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Clue to life's cellular origins.

Clues to life's cellular origins

A discovery by a biophysicist at the University of California at Davis indicates that the structural requirements for cell membranes should have been present in earth's primordial soup. David W. Deamer has found that in the interior of the 4.5-billion-year-old Murchison meteorite are lipid-like organic chemicals able to self-assemble into a membrane-like film enclosing fluid. The finding was presented last week in Berkeley, Calif., at a meeting of the International Society for the Study of Origins of Life.

"If we assume life begins from self-assembly," Deamer says, "then the non-biological self-assembly seen with chemicals from inside the Murchison meteorite shows how the essential membrane of the first microorganism might have formed." Such a mebrane, notes Cyril Ponnamperuma at the University of Maryland in College Park, "is required in order to get a cell." What Deamer's work shows, he says, "is that the materials required for a membrane will be available."

The Murchison meteorite gets its name from the site in Australia where it fell to earth in 1969. It is believed to have broken off of an asteroid that formed at about the same time and from some of the same solar-system materials that earth did.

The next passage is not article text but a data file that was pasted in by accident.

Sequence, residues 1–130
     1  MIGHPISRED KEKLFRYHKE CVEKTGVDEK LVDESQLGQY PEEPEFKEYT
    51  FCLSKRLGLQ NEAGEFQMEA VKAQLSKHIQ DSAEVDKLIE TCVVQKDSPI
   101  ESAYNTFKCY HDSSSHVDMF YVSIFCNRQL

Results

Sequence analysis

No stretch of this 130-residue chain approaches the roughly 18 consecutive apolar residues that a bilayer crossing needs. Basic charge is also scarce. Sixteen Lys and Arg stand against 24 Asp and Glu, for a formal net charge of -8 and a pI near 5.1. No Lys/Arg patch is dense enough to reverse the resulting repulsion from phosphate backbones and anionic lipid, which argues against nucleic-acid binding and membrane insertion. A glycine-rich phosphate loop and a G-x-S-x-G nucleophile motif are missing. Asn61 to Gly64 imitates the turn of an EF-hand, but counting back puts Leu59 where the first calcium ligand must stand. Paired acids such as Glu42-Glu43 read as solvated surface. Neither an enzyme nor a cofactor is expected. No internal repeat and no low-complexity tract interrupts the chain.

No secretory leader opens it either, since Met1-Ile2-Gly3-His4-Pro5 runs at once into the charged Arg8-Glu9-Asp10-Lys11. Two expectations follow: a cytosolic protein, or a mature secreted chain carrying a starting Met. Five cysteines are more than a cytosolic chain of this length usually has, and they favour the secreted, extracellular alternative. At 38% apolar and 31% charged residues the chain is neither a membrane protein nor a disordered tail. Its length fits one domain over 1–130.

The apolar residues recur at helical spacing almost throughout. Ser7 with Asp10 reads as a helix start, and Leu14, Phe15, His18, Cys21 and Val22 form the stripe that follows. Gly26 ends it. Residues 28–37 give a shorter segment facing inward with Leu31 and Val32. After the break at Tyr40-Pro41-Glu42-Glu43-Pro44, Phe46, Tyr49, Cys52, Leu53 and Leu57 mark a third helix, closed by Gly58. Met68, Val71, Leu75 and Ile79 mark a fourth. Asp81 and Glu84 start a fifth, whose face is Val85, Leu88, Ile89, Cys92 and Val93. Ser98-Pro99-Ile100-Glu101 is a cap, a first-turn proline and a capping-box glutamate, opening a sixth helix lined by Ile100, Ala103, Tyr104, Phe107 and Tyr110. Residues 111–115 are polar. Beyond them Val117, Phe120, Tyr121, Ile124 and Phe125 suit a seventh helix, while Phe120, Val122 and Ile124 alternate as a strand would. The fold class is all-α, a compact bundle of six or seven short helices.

Ponnamperuma says his own work with Murchison-derived chemicals provided "the first unambiguous evidence of extraterrestrial amino acids" and, more recently, the presence of all five nucliec acid bases (SN:9/3/83, p. 150). He says that if Deamer's work can be substantiated further, chemical-origins-of-life proponents will be one step closer to establishing that the material in the Murchison meteorite -- and therefore elsewhere in the solar system -- contains many of the essential components for creating life.

However, Deamer cautions, "there is no evidence that these [membranous structures formed from Murchison chemicals] were in the direct line of ascendancy for the life that actually did form on earth." In fact, he notes, the chemical composition of the Murchison compounds he discovered has not yet been characterized except for the observation that they are lipid-like and fluorescent and contain unique complex-hydrocarbon compounds.

Deamer says that if chemicals like those in the Murchison interior were not naturally available on the primordial earth, they could have been "seeded" into the chemical soup from which life is believed to have formed, by similar chemicals arriving with earlier Murchison-like meteors.
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Title Annotation:lipid-like chemicals found in Murchison meteorite
Author:Raloff, Janet
Publication:Science News
Date:Aug 2, 1986
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